Rule committee approves three costs pilots and reverses controversial Carver ruling

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By Legal Futures

23 August 2011


Costs under pressure: solicitors will have to stick to their budgets

There will be three different costs pilots running from this autumn as the impact of the Jackson report spreads, the Civil Procedure Rule Committee has decided.

It has also accepted the report’s recommendation to reverse the Court of Appeal’s highly controversial Carver ruling, which threw a major spanner in the workings of part 36 offers.

In addition to the year-long national costs management pilot in mercantile and technology and construction courts, which starts on 1 October after being trialled in Birmingham, the committee has extended both the defamation costs management pilot and the county court provisional assessment pilot for a further year from the same date.

The rules of the new pilot have been published and are similar to those for the defamation pilot, requiring the parties to provide the court and each other with a detailed budget of the estimated costs for the entire case prior to the first case management conference.

The court has the power to monitor expenditure against the budget throughout the case, while any party can apply to the court to revise their budget or if they believe another party “is behaving oppressively in seeking to cause that party to spend money disproportionately on costs”. The costs awarded at the end of the case will usually be those in the approved budget.

The defamation pilot, taking place in London and Manchester, has been amended to clarify that only future costs are being approved and that the approved budget is not a detailed assessment made in advance.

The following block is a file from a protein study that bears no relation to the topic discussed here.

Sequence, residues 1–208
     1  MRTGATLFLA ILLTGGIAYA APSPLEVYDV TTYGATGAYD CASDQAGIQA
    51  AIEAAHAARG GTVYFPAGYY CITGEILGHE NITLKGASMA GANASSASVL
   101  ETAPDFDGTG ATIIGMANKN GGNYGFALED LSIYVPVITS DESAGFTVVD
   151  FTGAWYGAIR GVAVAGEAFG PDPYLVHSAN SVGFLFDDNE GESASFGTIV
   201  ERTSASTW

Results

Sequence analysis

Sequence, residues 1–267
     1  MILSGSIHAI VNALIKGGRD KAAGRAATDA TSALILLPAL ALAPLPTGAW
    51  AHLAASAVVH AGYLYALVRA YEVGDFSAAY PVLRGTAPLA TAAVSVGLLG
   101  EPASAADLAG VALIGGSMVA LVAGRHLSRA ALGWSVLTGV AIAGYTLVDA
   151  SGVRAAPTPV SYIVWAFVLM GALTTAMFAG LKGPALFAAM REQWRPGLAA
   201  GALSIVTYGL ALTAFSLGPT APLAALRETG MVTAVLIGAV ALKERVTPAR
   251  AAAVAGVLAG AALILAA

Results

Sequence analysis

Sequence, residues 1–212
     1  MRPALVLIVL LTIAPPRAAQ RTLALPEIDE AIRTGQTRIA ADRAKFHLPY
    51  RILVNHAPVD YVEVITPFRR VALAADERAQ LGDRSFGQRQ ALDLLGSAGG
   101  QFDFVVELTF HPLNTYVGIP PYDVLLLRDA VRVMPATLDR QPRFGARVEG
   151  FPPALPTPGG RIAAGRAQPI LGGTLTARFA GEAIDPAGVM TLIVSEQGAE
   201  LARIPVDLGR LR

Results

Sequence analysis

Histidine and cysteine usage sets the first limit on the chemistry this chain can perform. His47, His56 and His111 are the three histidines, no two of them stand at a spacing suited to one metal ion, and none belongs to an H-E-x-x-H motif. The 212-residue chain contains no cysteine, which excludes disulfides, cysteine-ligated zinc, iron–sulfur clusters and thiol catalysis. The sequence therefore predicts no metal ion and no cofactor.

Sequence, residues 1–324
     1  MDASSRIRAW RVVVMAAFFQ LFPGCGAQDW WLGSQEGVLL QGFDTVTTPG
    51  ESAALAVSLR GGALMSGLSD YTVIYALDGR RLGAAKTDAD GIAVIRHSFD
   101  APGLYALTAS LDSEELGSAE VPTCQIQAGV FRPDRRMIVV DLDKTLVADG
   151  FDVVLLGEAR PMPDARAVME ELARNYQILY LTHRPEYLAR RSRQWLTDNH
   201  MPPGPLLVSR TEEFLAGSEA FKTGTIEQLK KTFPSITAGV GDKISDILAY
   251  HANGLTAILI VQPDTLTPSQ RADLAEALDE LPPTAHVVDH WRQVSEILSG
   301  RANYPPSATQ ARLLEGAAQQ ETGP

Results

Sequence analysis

Speaking earlier this year at an event hosted by the Association of Costs Lawyers, Master Hurst admitted that the defamation pilot “is throwing up certain problems”, although he said that was the point of having pilots.

“On the one hand, both sides may put in high estimates of costs, but neither side takes any point on the size of the other’s budget,” he said. “This may result in budgets being approved which are in fact unreasonable and disproportionate.”

The provisional assessment pilot taking place in Leeds, York and Scarborough has been extended to allow for collection of further data and refinement of procedures ahead of what is likely to be a national roll-out.

It allows for the provisional assessment of bills of costs of £25,000 or less. The district judge makes an assessment on the papers, but a party can request an oral hearing if unhappy with the decision – albeit at risk of a penalty if they fail to beat the provisional assessment by at least 20%. The district judge overseeing the pilot, Robert Hill, has said it is working smoothly.

Before 2008, so long as a claimant beat the defendant’s part 36 offer by any amount, or equalled their own offer, he avoided costs sanctions. But in Carver v BAA [2008] EWCA Civ 412 – where the claimant beat the part 36 offer by £51 – the Court of Appeal said judges should take a broader view of whether the final outcome showed the case was worth the fight.

In his final report, Lord Justice Jackson said Carver had introduced “an unwelcome degree of uncertainty into the part 36 regime” and also “tends to depress the level of settlements” because claimants are wary of taking the risk of going to trial.

The rule committee has approved a clarification to part 36 that says “‘more advantageous’ means better in money terms by any amount, however small, and ‘at least as advantageous’ shall be construed accordingly”. It too will take effect from 1 October, when the 57th update to the Civil Procedure Rules comes into force.

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